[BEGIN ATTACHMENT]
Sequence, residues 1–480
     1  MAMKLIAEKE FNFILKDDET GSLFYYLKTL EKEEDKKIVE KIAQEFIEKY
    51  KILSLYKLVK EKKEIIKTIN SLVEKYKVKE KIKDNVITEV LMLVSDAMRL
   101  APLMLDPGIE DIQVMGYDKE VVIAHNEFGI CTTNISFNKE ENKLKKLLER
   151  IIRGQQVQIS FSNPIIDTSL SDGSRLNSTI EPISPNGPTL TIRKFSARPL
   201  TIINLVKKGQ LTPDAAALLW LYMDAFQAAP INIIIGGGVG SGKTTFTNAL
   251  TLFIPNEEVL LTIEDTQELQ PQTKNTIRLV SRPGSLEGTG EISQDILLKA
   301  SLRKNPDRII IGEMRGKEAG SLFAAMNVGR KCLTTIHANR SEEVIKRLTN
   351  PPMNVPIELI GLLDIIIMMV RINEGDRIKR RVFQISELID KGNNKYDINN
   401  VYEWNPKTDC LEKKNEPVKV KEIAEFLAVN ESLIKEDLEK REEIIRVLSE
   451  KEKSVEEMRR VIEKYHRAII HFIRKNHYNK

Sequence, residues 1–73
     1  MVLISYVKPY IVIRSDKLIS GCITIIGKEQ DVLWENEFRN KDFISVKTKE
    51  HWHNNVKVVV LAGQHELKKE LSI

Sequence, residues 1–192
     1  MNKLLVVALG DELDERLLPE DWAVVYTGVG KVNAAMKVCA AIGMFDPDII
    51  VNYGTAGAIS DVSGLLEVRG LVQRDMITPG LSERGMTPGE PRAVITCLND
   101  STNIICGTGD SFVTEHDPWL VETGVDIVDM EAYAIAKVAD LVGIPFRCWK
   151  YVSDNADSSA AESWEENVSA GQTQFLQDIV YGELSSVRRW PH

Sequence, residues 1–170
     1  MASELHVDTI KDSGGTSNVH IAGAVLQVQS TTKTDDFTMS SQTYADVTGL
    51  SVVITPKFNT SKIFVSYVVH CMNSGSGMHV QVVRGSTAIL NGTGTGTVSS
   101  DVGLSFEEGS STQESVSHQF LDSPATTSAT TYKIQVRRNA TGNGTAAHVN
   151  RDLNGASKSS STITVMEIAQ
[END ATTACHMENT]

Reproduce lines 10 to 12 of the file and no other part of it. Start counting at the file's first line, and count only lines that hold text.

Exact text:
   401  VYEWNPKTDC LEKKNEPVKV KEIAEFLAVN ESLIKEDLEK REEIIRVLSE
   451  KEKSVEEMRR VIEKYHRAII HFIRKNHYNK

Sequence, residues 1–73